In evidence presented to the court, many improprieties came to light. Both Janet and David presented sworn affidavits in which they claimed that Stanley was well aware of his children’s inability to repay the various promissory notes involved in the plan, and assured them that he would cause distributions to be made from the partnership for purposes of repaying the notes. They also claimed that Stanley admitted the issuance of the notes was a formality intended to avoid gift tax liability. Stanley’s trust and estate lawyer presented an affidavit in which he disavowed knowledge of the sham transactions. According to the various affidavits, payments on the notes were not made from the children’s personal funds. Despite previous statements suggesting otherwise, David and Janet denied that tax fraud was the purpose of the family limited partnership and trust.
In 2011, the college and its board of trustees intervened in the actions brought by David and Janet, and moved for summary judgment dismissing their complaints. The college asserted that the purpose of the family limited partnership and the trust was tax fraud, and that enforcement of the partnership agreement and trust agreement would result in judicial enforcement of illegal contracts. Additionally, the college alleged that it paid salaries to the three children and to Stanley, which were taxed only as personal income and not as profits of the family limited partnership as required by Internal Revenue Code § 162(a)(1).
David and Janet challenged the college’s intervention, arguing that the college lacked standing to challenge the enforceability of the partnership and trust agreements. They also argued that even if the underlying transactions resulted in the imposition of the gift tax, the failure of Stanley and Lorraine to pay gift tax would not affect the enforceability of the partnership and trust agreements. They also argued that the college came to the court with unclean hands because the college was aware of Stanley’s actions and aided him in the implementation of the plan. Finally, given that the college knew of the agreements since 1992 and 2004, they argued that the college was barred by laches for waiting until late 2010 to bring its motion. As part of their challenge, David and Janet asked for sanctions against the college for its motion.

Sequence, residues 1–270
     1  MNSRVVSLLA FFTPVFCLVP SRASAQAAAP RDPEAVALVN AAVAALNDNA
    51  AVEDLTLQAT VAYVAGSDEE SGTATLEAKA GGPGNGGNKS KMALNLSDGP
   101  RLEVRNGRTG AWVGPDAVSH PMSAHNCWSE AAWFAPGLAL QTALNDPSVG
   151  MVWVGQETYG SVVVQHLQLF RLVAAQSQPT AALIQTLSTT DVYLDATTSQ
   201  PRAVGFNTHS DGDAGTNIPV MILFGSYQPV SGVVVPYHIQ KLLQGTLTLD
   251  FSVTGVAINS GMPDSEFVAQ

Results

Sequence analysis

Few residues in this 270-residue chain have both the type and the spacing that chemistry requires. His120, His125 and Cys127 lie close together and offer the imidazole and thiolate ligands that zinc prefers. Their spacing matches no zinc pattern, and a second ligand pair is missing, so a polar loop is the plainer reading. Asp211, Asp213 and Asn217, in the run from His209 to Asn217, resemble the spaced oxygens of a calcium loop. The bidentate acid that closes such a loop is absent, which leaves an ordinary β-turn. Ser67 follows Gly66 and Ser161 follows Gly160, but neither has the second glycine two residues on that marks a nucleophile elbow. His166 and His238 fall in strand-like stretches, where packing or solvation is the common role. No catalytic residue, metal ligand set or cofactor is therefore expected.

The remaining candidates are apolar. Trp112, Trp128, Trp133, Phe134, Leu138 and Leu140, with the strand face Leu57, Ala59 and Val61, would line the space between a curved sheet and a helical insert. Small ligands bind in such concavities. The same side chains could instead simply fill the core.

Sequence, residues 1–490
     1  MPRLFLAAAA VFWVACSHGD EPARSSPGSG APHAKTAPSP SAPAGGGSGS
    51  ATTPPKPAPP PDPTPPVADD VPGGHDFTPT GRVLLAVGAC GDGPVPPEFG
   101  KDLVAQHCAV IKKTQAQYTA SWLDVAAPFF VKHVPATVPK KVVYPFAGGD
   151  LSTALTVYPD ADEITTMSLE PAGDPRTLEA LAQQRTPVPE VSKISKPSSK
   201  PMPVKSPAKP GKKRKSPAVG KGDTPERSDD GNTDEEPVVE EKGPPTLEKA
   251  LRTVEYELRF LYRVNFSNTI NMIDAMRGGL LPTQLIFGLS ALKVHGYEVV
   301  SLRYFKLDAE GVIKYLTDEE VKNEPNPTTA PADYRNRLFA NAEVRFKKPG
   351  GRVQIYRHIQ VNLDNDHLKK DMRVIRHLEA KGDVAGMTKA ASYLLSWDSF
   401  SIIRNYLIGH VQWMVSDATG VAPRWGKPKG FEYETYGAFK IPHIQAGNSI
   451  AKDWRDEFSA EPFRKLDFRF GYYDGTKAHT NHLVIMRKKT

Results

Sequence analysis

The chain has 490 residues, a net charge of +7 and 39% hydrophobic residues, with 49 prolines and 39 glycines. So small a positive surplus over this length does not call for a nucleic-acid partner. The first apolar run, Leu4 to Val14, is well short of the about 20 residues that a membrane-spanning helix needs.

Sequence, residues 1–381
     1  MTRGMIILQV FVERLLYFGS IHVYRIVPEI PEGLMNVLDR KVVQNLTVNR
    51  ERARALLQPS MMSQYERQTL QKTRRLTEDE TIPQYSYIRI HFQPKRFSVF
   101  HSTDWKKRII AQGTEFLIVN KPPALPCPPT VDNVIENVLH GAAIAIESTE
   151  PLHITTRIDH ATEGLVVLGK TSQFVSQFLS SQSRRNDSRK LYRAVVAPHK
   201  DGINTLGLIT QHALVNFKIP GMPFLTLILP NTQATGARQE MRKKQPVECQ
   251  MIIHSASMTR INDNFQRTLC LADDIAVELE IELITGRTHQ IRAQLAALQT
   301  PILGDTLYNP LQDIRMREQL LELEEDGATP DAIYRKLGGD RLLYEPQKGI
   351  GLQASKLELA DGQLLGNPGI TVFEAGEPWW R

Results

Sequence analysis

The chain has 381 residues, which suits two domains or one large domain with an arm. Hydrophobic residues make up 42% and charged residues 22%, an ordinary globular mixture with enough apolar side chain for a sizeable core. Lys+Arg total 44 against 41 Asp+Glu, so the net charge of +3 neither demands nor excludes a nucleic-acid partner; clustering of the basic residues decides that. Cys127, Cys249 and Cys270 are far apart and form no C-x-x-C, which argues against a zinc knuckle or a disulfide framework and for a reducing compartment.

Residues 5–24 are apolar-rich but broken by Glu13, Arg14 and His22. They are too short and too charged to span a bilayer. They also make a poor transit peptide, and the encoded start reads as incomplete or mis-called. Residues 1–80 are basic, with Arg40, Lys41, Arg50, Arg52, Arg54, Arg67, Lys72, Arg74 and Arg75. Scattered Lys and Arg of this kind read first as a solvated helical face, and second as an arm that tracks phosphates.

The Supreme Court of New York for Suffolk County, although sympathetic to the college’s arguments, ultimately dismissed the college’s motion for summary judgment. The court held that the issue of standing was not relevant to the proceeding, because New York case law permits a court to allow a motion based on illegality that invokes principles of public policy, regardless of the movant’s standing. The court also dismissed David and Janet’s argument that the college’s motion was barred by the doctrine of unclean hands and laches, because public policy prevented the court from ignoring the potential illegality of Stanley and Lorraine’s estate plan. Despite its rejection of David and Janet’s challenges to the college’s motion for summary judgment, the court concluded that David and Janet had raised genuine disputes as to material facts — particularly, the legitimacy of the partnership and trust. The court dismissed the college’s motion for summary judgment but also dismissed the motions for sanctions against the college, noting that the issues raised by the college were far from frivolous.